Saturday, April 12, 2008

Francis Asbury

Francis Asbury--itinerant preacher and leader of
the Methodist Episcopal Church in America

In 1771, an itinerant Methodist preacher from Staffordshire, England, named Francis Asbury set foot in the United States and began preaching in this new frontier. Despite the outbreak of the American Revolution with Great Britain, Asbury stayed in the American colonies and was the only Methodist minister to do so. In 1784, John Wesley appointed Asbury and fellow Methodist preacher Thomas Coke as co-superintendents for the Methodist Episcopal Church in the United States.

For more than 30 years, Asbury was the primary leader of Methodists in this country. Until his death in 1816, Asbury traveled an average of 6,000 miles a year--the equivalent of traveling roundtrip from coast to coast--preaching and establishing congregations up and down the eastern U.S. During his tenure, the Methodist church in America grew from 1,200 members to 214,000 with 700 ordained ministers in their midst. In 1921, a statue by sculptor Henry Augustus Lukeman was erected in Francis Asbury's honor in a triangular spit of land at 16th Street and Columbia Roads NW on the edge of the Mount Pleasant and Columbia Heights neighborhoods.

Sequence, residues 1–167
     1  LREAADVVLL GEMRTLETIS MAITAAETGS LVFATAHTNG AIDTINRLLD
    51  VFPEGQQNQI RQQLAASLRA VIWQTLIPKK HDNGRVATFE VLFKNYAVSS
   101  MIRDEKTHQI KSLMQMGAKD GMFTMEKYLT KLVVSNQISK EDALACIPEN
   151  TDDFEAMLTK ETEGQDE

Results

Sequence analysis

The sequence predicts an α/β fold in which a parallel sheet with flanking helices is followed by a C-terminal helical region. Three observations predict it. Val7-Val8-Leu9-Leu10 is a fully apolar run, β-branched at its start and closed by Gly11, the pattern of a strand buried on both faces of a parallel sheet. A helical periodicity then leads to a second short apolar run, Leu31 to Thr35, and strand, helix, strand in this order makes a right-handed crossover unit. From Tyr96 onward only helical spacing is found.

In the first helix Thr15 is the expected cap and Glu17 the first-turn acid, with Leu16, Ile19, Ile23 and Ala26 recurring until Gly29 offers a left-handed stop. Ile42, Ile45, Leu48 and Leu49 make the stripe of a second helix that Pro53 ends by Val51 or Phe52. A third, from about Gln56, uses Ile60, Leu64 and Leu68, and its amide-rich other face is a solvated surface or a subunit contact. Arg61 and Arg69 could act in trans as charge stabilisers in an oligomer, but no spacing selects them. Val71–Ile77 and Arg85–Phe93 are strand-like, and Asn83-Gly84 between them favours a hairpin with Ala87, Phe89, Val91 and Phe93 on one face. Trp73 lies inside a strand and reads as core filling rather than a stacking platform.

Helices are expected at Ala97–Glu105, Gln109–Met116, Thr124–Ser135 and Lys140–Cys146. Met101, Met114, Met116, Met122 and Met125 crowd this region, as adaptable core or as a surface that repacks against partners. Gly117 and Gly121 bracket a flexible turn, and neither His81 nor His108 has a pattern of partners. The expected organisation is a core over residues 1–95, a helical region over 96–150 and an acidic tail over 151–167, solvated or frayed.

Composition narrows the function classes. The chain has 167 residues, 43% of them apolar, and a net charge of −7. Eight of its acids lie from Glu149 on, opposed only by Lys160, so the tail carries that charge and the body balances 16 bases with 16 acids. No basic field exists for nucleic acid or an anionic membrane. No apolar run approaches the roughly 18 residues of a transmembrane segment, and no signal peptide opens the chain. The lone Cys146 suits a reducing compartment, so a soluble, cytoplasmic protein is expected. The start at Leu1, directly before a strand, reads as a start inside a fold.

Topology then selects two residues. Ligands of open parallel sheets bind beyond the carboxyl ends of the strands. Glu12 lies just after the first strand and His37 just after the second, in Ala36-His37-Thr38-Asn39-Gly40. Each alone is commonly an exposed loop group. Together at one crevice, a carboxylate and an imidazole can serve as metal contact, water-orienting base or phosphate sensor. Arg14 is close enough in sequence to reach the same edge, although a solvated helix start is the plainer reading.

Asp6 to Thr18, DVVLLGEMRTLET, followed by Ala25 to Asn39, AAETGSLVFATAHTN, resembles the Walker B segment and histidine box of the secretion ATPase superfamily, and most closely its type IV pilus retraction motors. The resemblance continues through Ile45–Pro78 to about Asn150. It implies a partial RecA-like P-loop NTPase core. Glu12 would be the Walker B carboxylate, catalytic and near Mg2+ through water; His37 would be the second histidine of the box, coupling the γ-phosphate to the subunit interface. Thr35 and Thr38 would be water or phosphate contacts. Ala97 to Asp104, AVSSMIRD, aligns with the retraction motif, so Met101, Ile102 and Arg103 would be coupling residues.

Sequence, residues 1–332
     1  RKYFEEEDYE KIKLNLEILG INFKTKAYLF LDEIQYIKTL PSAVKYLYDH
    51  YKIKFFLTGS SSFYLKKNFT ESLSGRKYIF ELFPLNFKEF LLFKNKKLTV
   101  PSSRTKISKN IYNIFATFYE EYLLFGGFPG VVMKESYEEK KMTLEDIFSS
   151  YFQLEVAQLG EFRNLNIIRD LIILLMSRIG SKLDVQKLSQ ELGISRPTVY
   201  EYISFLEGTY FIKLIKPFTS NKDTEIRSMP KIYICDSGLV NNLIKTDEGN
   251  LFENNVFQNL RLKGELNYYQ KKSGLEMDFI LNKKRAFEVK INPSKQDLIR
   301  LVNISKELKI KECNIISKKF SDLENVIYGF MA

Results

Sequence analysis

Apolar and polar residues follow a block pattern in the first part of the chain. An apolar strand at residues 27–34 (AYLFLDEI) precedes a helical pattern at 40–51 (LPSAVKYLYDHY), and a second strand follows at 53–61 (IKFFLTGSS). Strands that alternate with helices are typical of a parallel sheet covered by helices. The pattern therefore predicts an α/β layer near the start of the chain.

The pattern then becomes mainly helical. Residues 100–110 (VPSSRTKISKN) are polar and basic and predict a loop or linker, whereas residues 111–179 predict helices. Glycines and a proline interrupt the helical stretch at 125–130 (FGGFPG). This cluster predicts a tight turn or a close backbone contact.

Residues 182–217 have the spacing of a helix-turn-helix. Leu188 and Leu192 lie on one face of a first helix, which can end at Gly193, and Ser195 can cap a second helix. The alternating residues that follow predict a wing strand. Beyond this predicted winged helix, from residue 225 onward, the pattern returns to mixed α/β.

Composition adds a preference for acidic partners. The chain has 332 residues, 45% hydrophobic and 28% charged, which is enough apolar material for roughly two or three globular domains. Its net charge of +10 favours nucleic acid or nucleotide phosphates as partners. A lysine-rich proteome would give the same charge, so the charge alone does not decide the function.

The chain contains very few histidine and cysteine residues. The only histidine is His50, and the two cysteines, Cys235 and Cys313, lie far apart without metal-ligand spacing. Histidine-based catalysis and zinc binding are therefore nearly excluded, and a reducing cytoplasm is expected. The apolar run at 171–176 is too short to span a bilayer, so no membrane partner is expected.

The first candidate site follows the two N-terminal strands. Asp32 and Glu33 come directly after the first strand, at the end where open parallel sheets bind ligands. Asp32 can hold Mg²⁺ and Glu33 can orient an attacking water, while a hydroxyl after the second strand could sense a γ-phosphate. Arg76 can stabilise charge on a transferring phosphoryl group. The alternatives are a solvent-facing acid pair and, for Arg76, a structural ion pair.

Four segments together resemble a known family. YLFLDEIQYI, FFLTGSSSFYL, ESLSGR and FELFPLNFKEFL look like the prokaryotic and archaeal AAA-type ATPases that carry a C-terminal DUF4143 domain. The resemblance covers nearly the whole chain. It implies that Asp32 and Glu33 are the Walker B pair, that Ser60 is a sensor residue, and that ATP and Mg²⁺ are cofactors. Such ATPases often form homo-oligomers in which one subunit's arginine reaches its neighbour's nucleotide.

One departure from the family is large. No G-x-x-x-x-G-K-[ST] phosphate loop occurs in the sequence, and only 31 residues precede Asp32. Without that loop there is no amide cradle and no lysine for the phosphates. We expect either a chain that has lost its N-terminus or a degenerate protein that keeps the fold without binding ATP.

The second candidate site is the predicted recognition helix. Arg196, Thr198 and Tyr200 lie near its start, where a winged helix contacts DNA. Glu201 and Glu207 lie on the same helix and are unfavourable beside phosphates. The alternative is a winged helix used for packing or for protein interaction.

Three churches and a Masonic temple
intersect at the top of 16th Street and Columbia Road:
Unitarian, Baptists, Unification, and Scottish Rite Freemasons

If you stand in front of Asbury's humble monument and look south, you can see three of the churches that have been featured here in the last couple of weeks: All Souls Church, Unitarian; National Baptist Memorial Church; and the Unification Church-Peace King Center. (Tucked behind the latter is the Scottish Rite Temple.)

Photo copyright: D.C. Confidential, 2/08

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